Although Samsung touted faster charging times, we were unable to test them during our little hands-on time. With the Galaxy Watch 5 and Watch 5 Pro, the magnetic puck is once again employed, although the connector now has a USB-C connection rather than an older USB-A connection.

The presence of a skin or body temperature sensor in the Galaxy Watch 5 wasn’t known prior to its debut. All three models come with the new sensor for improved sleep tracking, which provides even more detailed information than the feature found on prior models.

You might be wondering where this year’s Watch 5 Classic is. The Galaxy Watch 5 Pro, then, serves as the wearable’s replacement. It sports a bigger frame and lacks the revolving bezel that was a hallmark of the Watch 4 Classic.

We can see how many Galaxy Watch lovers may find this to be a pain point and may be deterred from making a purchase or an upgrade. This indicates that the Galaxy Watch 5 Pro uses the edge swipe digital bezel gesture for navigating between menus and app sections, however it’s unclear if it will ever make a comeback. One advantage of the removal is that a variety of extra-rugged accessories are now available that clip on for improved shock or bump protection.

Wear OS 3.5, which is expected to be loaded on both Galaxy Watch 5 models, first appears to be a significant upgrade over version 3.2, which is presently available for Galaxy Watch 4 customers. There isn’t a visible indicator that a newer version of Google’s wearable OS is installed, and new functions are not immediately obvious, so there isn’t much of a change in reality. Along with various improvements that make use of better sensors, One UI 4.5 provides a few extra watch faces that are inspired by flora and fauna. With just a few minor adjustments, it offers more of the polished performance that you can find on the Watch 4 series right now.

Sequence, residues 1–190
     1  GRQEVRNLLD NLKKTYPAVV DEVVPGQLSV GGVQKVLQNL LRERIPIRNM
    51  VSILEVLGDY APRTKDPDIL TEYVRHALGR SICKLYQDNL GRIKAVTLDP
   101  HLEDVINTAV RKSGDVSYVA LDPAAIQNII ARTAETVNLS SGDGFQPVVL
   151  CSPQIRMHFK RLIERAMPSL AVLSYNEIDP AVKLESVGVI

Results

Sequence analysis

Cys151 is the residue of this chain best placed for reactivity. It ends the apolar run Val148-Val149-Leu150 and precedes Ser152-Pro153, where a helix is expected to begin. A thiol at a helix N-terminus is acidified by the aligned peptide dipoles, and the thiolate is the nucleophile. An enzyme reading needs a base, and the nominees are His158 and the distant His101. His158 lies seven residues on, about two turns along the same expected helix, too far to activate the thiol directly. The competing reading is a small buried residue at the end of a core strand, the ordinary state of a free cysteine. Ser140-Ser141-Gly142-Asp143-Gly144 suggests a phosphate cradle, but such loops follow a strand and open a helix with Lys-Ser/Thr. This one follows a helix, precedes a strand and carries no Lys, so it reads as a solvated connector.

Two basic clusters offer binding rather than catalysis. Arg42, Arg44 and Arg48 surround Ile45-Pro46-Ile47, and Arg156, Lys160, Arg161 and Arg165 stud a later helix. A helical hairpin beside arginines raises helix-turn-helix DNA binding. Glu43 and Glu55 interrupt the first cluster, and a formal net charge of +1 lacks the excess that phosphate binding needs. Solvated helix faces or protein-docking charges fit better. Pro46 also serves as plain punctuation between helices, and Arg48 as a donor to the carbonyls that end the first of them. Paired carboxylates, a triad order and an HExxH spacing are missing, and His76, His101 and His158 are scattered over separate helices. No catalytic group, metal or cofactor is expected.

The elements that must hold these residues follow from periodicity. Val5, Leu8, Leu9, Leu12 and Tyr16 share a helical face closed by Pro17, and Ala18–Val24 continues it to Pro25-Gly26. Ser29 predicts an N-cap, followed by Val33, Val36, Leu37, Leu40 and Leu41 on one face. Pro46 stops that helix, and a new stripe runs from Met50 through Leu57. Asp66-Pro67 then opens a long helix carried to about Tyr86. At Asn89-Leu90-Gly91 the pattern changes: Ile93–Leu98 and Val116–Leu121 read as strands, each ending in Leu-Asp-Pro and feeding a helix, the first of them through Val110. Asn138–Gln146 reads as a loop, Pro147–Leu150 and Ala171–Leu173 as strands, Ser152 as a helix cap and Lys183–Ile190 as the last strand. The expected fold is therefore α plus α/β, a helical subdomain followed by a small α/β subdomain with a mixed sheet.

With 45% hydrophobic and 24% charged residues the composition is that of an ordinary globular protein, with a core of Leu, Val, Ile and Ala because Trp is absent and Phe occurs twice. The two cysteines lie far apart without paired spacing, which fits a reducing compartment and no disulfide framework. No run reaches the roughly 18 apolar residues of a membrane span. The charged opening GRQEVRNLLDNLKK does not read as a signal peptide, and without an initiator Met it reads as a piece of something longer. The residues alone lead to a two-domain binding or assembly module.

We now have the Google Assistant, better and expanding app support, and the incoming Pixel Watch may help increase it even further a year after Wear OS’s resurgence. This time around, Samsung did not need to reinvent One UI or Wear OS; they simply needed to give more of the same, and the Watch 5 succeeds—at least for now.

Google’s 9TO5 The ordinary Galaxy Watch 5 might not be the upgrade that some people had hoped for at this early stage. The Watch 5 Pro, on the other hand, marks a significant advancement in tough wearables and improves the differentiation between the series’ offers. The regular Galaxy Watch 5 will do for the majority of users. The Watch 5 Pro is an option if you’re seeking for a wearable fitness device with additional integration.

By incorporating the 1.5GB of RAM and the Exynos W920 processor, which is based on 5nm, Samsung gained a significant advantage over comparable Wear OS watches last year. Sticking with the same internals for another year would give some of the incoming wearables powered by the Snapdragon W5 Gen 1 process a chance to unseat the Galaxy Watch, which could provide Samsung a huge boost for the following generation. Samsung is holding to its crown as the greatest Android ally, at least until we get to see the next round of Wear OS-powered wearables from companies like Oppo, Mobvoi, and Fossil.

All Watch 5 variants will be available for purchase starting on August 29. The Watch 5 starts at $279.99, while the Watch 5 Pro costs a staggering $449.99. Given the slight enhancements, purchasing the Watch 4 Classic and Galaxy Watch 4 from last year at a significant discount would be a wonderful alternative.